islands of Siberia to Greenland, the Duke the Pole, was not to have been the last of the Abruzzi planned to leave his ship sent out if the entire programme had been in some quiet and safe harbor, and then executed. with sleds send on to the north a series of The Stella Polare would have passed a exploring parties. The sled journey of second winter in the Bay of Teplitz had Nansen with one companion, by which he not an accident rendered it necessary to reached latitude 86° 14', was an incident, return. The ice broke around the ship while it was th: chief idea of his young and threw it with force upon the near land, friend and admirer. The ship, at a fixed breaking a hole in the side a foot and point, was to be the storehouse of provis- a half long. For twenty-four hours the

. ions and the starting-point for sled jour- water entered and the case seemed desneys. These journeys were to be at first perate, until a new movement of the ice slow and short, gradually extending in lifted the ship up on a strong glacier. time and length, finding the way and es- The carpenters then worked for their tablishing depots of provisions. This was lives, using the woodwork of the interior the same plan as that of Greely, who by of the ship. This was in September. A sleds reached latitude 83° 42' in 1882. habitation on the land was made from the The difficulties overcome by Louis of Savoy ship’s sails and some of the woodwork, and Captain Cagni are best understood and a stove in the center reduced the by Nansen, who gave them both the most temperature to seven degrees below zero, enthusiastic welcome on their arrival at centigrade. But, without, it was fifty-two Christiania. They reached latitude 86° 33' degrees below, and during the exercises in one-third of the time employed by with the sleds this extreme cold froze two Greely and one-half of that taken by fingers of the Duke and one of Captain Nansen. The sled journey made by Cap- Cagni, while all the men suffered more or tain Cagni, which reached the nearest to less.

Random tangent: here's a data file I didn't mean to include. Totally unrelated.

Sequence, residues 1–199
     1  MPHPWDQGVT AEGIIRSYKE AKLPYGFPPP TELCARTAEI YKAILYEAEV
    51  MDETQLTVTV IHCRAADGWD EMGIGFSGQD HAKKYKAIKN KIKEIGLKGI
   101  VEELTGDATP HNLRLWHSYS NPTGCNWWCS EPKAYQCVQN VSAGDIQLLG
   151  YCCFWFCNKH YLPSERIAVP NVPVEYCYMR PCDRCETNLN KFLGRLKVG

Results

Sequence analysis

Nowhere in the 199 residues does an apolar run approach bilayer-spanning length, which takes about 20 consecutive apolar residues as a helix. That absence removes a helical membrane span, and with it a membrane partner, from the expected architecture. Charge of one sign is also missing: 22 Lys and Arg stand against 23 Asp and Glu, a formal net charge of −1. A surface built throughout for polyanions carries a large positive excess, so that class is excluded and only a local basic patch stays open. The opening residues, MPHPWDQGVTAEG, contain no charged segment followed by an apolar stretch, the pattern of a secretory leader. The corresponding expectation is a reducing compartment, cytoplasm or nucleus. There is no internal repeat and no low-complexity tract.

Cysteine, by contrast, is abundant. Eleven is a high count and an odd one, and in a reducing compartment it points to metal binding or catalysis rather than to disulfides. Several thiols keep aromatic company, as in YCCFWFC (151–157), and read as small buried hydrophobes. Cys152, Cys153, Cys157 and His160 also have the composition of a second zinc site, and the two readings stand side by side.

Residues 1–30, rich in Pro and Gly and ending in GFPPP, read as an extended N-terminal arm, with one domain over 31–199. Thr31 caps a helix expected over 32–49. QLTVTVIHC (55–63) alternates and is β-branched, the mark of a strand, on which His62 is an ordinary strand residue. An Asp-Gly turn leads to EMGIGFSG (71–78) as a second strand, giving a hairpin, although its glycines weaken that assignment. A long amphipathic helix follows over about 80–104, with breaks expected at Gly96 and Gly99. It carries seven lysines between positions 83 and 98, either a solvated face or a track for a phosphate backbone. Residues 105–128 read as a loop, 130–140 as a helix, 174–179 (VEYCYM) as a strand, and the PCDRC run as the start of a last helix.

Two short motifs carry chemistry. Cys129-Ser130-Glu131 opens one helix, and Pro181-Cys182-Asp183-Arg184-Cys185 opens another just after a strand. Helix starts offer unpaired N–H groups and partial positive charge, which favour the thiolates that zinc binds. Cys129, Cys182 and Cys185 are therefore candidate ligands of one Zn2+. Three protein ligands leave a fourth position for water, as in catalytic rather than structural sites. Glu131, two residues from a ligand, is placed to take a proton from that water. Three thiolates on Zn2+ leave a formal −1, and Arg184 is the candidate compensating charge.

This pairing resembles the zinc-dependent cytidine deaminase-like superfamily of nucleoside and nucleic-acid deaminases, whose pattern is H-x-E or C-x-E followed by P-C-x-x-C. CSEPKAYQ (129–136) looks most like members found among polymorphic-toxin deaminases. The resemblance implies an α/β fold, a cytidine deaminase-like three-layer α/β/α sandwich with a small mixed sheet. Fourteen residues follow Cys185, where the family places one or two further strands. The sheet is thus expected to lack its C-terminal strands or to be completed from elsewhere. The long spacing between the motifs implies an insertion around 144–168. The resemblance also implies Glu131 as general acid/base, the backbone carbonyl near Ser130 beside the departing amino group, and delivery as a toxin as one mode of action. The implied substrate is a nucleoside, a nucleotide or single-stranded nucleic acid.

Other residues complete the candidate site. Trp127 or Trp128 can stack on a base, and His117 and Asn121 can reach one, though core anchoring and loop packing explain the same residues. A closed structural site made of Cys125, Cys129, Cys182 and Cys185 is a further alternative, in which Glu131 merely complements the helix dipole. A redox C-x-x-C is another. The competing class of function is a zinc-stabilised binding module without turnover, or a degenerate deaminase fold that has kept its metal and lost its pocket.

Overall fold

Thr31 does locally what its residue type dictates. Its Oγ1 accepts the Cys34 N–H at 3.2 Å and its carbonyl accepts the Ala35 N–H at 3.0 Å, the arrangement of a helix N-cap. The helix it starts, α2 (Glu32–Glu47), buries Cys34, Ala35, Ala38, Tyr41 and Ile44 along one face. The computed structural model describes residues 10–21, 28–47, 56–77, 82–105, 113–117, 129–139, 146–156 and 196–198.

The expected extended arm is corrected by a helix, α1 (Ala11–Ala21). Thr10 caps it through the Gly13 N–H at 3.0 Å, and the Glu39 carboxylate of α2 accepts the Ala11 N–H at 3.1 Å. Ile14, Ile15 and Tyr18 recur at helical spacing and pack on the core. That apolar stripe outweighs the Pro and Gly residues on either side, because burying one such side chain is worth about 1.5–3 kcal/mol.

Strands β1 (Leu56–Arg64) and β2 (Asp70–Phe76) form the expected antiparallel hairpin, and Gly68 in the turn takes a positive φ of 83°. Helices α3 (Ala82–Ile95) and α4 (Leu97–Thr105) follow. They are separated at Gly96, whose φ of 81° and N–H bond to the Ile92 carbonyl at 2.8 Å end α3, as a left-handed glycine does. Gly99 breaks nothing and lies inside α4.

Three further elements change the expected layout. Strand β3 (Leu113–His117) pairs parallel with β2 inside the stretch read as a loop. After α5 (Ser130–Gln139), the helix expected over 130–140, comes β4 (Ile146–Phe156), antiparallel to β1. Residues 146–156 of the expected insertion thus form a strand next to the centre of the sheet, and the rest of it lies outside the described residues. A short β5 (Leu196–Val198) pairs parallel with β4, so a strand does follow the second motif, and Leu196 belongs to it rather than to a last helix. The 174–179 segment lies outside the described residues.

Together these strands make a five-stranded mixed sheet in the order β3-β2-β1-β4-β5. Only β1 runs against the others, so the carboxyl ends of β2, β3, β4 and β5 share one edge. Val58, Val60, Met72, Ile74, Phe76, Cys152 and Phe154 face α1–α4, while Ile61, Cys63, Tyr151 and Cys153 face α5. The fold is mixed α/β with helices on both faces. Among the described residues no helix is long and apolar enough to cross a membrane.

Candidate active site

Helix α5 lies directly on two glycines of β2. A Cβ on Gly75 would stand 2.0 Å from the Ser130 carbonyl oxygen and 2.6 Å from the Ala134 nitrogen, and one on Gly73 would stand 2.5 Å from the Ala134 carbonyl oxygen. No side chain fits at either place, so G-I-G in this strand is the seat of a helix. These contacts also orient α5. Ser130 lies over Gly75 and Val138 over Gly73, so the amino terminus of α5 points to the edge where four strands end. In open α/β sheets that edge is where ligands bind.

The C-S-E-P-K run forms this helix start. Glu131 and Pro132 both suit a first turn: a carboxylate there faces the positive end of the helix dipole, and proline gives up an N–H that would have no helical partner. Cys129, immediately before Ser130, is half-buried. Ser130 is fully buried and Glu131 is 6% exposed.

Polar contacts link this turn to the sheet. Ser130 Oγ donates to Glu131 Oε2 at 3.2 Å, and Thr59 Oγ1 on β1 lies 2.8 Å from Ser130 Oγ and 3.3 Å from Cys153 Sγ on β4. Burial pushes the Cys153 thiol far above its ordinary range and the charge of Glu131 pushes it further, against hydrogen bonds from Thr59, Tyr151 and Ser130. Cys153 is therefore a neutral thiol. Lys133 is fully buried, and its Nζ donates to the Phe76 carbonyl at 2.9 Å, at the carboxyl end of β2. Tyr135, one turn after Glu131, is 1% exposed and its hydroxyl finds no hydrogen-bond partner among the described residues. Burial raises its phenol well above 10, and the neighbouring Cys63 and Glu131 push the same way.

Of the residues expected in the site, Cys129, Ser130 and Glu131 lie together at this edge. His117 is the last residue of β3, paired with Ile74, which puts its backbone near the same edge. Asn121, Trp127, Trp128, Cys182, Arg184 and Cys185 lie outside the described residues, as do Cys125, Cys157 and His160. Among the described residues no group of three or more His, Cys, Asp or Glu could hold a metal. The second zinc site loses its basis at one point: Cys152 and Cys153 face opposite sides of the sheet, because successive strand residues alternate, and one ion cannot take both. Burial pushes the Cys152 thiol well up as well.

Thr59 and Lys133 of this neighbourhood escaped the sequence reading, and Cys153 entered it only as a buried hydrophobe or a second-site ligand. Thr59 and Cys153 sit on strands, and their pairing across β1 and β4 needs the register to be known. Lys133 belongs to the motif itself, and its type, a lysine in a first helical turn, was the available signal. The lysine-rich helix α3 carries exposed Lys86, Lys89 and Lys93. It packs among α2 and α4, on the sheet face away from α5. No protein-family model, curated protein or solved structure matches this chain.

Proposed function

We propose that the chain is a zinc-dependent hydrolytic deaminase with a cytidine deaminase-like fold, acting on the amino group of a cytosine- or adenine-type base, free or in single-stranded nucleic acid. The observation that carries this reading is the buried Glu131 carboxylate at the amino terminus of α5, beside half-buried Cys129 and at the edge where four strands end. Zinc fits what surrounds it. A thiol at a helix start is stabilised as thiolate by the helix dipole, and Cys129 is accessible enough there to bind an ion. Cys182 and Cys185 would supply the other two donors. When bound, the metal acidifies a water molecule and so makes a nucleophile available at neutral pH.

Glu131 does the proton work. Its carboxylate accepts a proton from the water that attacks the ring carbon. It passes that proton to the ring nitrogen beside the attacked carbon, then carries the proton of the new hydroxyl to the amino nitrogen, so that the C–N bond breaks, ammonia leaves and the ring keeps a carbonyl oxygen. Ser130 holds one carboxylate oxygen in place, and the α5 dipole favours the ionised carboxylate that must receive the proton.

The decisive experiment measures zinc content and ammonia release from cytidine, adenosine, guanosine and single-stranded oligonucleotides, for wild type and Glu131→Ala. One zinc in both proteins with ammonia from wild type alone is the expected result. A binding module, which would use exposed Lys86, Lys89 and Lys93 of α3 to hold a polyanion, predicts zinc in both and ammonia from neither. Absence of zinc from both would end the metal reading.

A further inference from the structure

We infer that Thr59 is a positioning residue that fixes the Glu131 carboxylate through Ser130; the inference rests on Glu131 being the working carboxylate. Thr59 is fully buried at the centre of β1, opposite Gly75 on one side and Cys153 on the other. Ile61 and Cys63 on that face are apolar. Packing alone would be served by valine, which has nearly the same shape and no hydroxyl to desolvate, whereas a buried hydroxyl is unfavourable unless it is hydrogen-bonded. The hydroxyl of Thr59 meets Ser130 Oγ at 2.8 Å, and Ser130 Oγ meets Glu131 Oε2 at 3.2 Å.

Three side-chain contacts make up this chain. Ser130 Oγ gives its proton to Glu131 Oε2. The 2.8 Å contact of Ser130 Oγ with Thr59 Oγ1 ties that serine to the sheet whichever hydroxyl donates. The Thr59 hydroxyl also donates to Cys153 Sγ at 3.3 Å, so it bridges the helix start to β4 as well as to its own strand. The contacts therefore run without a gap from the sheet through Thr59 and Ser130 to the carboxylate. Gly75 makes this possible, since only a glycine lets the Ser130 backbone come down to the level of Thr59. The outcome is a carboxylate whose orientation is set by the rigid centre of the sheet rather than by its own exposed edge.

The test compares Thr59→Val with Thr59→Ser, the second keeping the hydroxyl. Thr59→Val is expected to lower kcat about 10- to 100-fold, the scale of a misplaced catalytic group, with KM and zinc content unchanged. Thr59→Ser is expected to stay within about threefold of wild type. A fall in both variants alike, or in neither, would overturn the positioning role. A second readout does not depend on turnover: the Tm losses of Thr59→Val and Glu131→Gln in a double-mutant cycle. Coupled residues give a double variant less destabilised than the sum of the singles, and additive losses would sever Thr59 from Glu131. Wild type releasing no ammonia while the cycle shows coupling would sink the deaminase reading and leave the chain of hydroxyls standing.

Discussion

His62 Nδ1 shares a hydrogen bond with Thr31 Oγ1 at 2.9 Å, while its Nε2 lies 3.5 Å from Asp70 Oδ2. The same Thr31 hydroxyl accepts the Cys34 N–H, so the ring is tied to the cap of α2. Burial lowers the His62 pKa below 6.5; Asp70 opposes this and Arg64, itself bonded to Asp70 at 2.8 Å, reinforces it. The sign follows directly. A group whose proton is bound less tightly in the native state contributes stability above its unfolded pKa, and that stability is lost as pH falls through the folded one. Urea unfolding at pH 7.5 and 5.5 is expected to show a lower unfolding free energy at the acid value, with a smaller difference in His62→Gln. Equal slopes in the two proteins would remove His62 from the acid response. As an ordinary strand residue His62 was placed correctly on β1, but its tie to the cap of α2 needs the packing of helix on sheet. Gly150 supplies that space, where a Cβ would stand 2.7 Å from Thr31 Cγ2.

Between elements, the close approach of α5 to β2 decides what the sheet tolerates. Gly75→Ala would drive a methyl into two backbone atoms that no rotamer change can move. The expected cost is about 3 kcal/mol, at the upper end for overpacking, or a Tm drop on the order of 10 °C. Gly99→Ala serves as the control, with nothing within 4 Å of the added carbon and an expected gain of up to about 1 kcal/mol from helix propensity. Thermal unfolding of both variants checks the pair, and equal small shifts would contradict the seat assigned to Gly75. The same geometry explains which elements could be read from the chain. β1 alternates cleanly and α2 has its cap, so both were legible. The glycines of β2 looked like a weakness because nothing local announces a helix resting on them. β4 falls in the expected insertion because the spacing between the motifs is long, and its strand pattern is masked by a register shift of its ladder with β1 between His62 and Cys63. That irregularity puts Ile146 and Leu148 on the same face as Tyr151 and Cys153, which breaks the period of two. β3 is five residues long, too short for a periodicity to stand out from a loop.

less. One hundred and twenty dogs shut

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Ollier

Petitgax

Fenoillet
THE GUIDES OF ABRUZZI'S EXPEDITION

From “L'Illustrazione Italiana."